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Storing Files larger than 1 GB in MySQL

Rajesh k Kumar
Greenhorn

Joined: Jan 21, 2010
Posts: 3
Friends,

I've to store a binary file into database larger than max_allowed_packet size say e.g. 2 GB. How to do that? I hope you'll know that if you try the jdbc blob way you get an error saying that max_packet_size exceeded.
-- Is there a way I can open a stream to a blob into a table's row and write data chunk ( < max_packet_size) by chunk?
-- Or Any other you can suggest?

Note: Please avoid posting increasing the max_allowed_packet size. What is I want to store a file larger than the max value of max_allowed_packet . Also even if I have to store a file of say 200 mb and if I have to hold the 200 mb in some memory object, jvm will run out of memory sooner or later.

Thanks in advance,
Rajesh
Peter Johnson
author
Bartender

Joined: May 14, 2008
Posts: 5823
    
    7

Rajesh, welcome to Java Ranch!

Quoting from the MySQL documentation: (http://dev.mysql.com/doc/refman/5.0/en/server-system-variables.html#sysvar_max_allowed_packet)

max_allowed_packet
Command-Line Format --max_allowed_packet=#
Config-File Format max_allowed_packet
Option Sets Variable Yes, max_allowed_packet
Variable Name max_allowed_packet
Variable Scope Both
Dynamic Variable Yes
Permitted Values
Type numeric
Default 1048576
Range 1024-1073741824

The maximum size of one packet or any generated/intermediate string.

The packet message buffer is initialized to net_buffer_length bytes, but can grow up to max_allowed_packet bytes when needed. This value by default is small, to catch large (possibly incorrect) packets.

You must increase this value if you are using large BLOB columns or long strings. It should be as big as the largest BLOB you want to use. The protocol limit for max_allowed_packet is 1GB. The value should be a multiple of 1024; nonmultiples are rounded down to the nearest multiple.


You might have to break your object/file up into pieces and store as multiple bolbs.


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Scott Selikoff
Saloon Keeper

Joined: Oct 23, 2005
Posts: 3704
    
    5

I'm in the camp that believes files should *NEVER* be stored in a database... but even if I was in the other camp, storing files greater than 1 GB in a database? That's a really bad idea... really bad.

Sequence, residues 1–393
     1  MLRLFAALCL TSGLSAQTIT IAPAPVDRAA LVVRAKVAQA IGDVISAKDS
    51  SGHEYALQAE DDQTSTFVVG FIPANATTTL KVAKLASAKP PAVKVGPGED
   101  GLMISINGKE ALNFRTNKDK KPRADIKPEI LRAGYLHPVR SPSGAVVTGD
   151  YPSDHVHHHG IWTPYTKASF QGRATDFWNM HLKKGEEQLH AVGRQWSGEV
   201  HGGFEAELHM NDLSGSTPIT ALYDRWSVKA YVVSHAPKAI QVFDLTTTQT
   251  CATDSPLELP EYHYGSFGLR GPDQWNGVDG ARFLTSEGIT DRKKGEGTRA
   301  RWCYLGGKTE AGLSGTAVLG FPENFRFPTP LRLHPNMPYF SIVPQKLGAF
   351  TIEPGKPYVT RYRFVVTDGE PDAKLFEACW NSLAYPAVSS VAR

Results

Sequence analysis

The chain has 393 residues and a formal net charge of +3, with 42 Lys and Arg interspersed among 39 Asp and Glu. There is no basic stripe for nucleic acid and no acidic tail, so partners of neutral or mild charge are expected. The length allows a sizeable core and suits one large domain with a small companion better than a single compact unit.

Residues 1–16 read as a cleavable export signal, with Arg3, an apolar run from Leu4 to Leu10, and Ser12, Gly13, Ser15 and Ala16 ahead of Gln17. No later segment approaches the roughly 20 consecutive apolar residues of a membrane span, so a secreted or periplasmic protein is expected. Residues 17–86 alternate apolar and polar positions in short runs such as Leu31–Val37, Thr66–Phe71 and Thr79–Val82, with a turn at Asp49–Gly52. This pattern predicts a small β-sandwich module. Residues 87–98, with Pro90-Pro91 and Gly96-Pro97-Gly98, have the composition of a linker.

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Rajesh k Kumar
Greenhorn

Joined: Jan 21, 2010
Posts: 3
Thanks Scott and Peter,

Why I want to store these files in DB?

-- Ours is a product which would work in a clustered Environmnt ad the processing of a file can be delegated to any node? So a file mighthve been receivd by a node and posts a JMS notification for processing. These file sizes can be from 500 kb to 1 GB. I want to store them into DB so that they are available to EJBs on any node and take advntge of HA featues of Ap server.

-- Even ifI increase the size of max packet, i woul still need to hold the whole bytes into RAM which will definately not be a good idea.

Thanks,
Rajesh


Jeanne Boyarsky
internet detective
Marshal

Joined: May 26, 2003
Posts: 30370
    
150

Rajesh,
But then you have an extra network transfer of a 1 GB file. This takes a significant amount of time. I recommend you revisit this design. Maybe route the jobs to the server where the file actually exists. Or use a SAN/network drive so all the app servers can access the file.


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Scott Selikoff
Saloon Keeper

Joined: Oct 23, 2005
Posts: 3704
    
    5

Databases are designed to handle thousands (often millions+) of records so the ability of any one record containing 1 GB would mean you could potentially have hundreds (or thousands) of records each with 1 gigabyte. I seriously doubt your system is designed to handle that kind of load. Do not store large files in the database... its a really bad idea.
Rajesh k Kumar
Greenhorn

Joined: Jan 21, 2010
Posts: 3
Thanks for you views,

I agree on the point that large files should not be stored into DB.

So let me drop this hypothetical angle of strorng a 1GB file.

What about the second problem that I have where in if you want to store a 30 MB file (for example), you must hold it in the memory before you could write it into a MySQL server. Do we have any solutions there?

Regards,
Rajesh
 
I agree. Here's the link: http://aspose.com/file-tools
 
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